Tag Archives: Love yourself

Love Yourself, Love Your Neighbor

Lately, I’ve been blabbing about loving yourself. So this week, we’ll go back to the Why and How?? so that you can love your ‘neighbor’ as you love yourself.

As we’ve learned, loving yourself positions you to love others. With healthy relationships (especially with God), finances, mind, emotions, and spirit, you’re armed to help others do the same. But, how does that look? We’ll learn that our love falls into similar categories as the spiritual formation I recently addressed. So, let’s frame my input like that.

Relationships. Our connections are vital! The Bible says much about interacting with others in a godly way to maintain and deepen those connections used to present God’s Kingdom to others. Here are several biblical tips for keeping those connections alive:

  • … be quick to hear, slow to speak and slow to anger —James 1:19.
  • BE ANGRY, AND yet DO NOT SIN; do not let the sun go down on your anger —Ephesians 4:26.
  • … but whoever slaps you on your right cheek, turn the other to him also. If anyone wants to sue you and take your shirt, let him have your coat also. Whoever forces you to go one mile, go with him two. Give to him who asks of you, and do not turn away from him who wants to borrow from you. —Matthew 5:39-42.

Finances. You cannot help others financially without money! But, once you get your finances under control, you may have resources with which to help clothe, feed, or house others—things on which Jesus said He’ll judge us (Matthew 25:31-46).

Physical health. Jesus told us to ‘go.’ The ‘going’ is necessary to establish new relationships with which to be and make disciples (Matthew 28:18-20). Our healthy relationships also allow us to ‘go’ and help others.

Emotional and mental health. This area affects relationships. When we’re healthy emotionally and mentally, we’ll be positioned to mentor others, listen to them in their pain, aid in healing, etc.

Spiritual. Once healthy, we can be godly models of spiritual practices, including Bible study, prayer, accountability, and discipleship. That’s how others can grow spiritually; spiritual growth positively affects all others!

In summary, loving your neighbor can happen when we love ourselves. Being healthy relationally, spiritually, financially, etc., sets us up to aid others by being godly models, helping physically, ‘being there’ emotionally, and assisting in feeding, housing, and clothing the less fortunate. Here’s the good news: you can still love others even while you’re becoming healthy. Just do what you can, give to others as you can.

Next week’s topic will be Just Who Did Jesus Tick off, Anyway?? To support our passivity, we sometimes make Jesus passive. To support our angry, polarizing, and political rhetoric, we often make Jesus political. You’ll discover that the answer is somewhere in between, but always in God’s framework and mission, not ours.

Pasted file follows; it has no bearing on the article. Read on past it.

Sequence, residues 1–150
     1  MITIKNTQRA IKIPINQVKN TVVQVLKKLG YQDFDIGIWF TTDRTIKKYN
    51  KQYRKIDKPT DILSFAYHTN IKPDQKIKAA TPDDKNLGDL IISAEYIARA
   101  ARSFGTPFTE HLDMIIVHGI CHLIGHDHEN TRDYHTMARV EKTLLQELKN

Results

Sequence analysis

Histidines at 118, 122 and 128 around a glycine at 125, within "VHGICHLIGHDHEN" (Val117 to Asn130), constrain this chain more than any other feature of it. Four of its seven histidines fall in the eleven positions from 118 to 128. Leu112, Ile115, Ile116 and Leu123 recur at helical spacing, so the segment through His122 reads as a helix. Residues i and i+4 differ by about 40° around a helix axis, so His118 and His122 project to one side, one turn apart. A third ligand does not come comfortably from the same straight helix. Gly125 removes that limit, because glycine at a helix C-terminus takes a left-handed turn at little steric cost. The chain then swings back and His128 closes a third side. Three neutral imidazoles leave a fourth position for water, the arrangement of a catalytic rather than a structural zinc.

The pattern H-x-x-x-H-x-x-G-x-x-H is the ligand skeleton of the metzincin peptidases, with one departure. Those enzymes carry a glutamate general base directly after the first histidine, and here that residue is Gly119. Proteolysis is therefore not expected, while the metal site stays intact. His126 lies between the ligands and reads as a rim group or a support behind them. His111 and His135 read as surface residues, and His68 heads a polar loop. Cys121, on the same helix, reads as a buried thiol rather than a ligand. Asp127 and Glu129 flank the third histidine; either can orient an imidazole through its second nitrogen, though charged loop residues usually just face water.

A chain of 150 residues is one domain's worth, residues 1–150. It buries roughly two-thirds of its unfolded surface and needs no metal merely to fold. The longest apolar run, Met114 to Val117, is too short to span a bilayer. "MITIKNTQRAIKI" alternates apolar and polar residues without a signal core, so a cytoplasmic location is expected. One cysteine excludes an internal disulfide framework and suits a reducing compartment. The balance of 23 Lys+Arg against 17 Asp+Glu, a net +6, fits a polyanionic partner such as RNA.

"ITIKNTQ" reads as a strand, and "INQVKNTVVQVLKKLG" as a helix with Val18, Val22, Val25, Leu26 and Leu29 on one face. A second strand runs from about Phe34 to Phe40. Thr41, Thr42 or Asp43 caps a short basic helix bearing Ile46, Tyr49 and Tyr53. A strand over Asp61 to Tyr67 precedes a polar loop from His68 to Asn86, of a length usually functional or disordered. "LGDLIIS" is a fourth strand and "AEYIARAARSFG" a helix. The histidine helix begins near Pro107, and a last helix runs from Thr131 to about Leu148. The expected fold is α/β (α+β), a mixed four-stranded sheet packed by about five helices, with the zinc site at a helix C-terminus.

Questions or comments? Email publisher@taylorpress.net.

Blessings and peace,

Pastor Ron Braley, Northview Christian Church

Love Yourself, Part I: What??

Early in His ministry, Jesus said something interesting to the religious Jews interrogating Him:

And He said to him, “’YOU SHALL LOVE THE LORD YOUR GOD WITH ALL YOUR HEART, AND WITH ALL YOUR SOUL, AND WITH ALL YOUR MIND.’ This is the great and foremost commandment. The second is like it, ‘YOU SHALL LOVE YOUR NEIGHBOR AS YOURSELF.’ On these two commandments depend the whole Law and the Prophets.” (Matthew 22:37-40).

What?!? Love your neighbor as yourself?? Just what does that mean, and why should I do it?

First, we must understand that this love of self and others is NOT an emotion that comes and goes with the wind. It’s the kind of unconditional love that is actionable and not negotiable or optional. It’s doing the right thing for the right reason, no matter how we feel.

Second, doing the right things for yourself sets you up for doing the right things for others, to love them with the love of Christ. If you’ve flown on a commercial aircraft, you’ve probably heard something like, “If you have small children, please put on your mask first and then assist your child.” Why? Because you’d be of no use to your child if you’re passed out or dead. Loving yourself is sort of like that—you can be of little or no benefit to others if you’re emotionally, relationally, spiritually, financially, or mentally unhealthy.

So, we love ourselves in that agape action-type love by tending to our relationships, body, mind, spirit, and finances as God has taught through His prophets, our Christ, the apostles, and others in the Bible. And we learn to like ourselves through healthy living and walking by the Holy Spirit, who reminds us of who we are in God and Christ. We can also observe godly examples which, in loving themselves, can now love others properly.

In summary, Jesus has commanded that we love ourselves and, in self-love (care and feeding of our body, mind, and spirit), love others appropriately. Next week, we’ll dig deeper into how we can make this happen.

Blessings and peace,

Ron Braley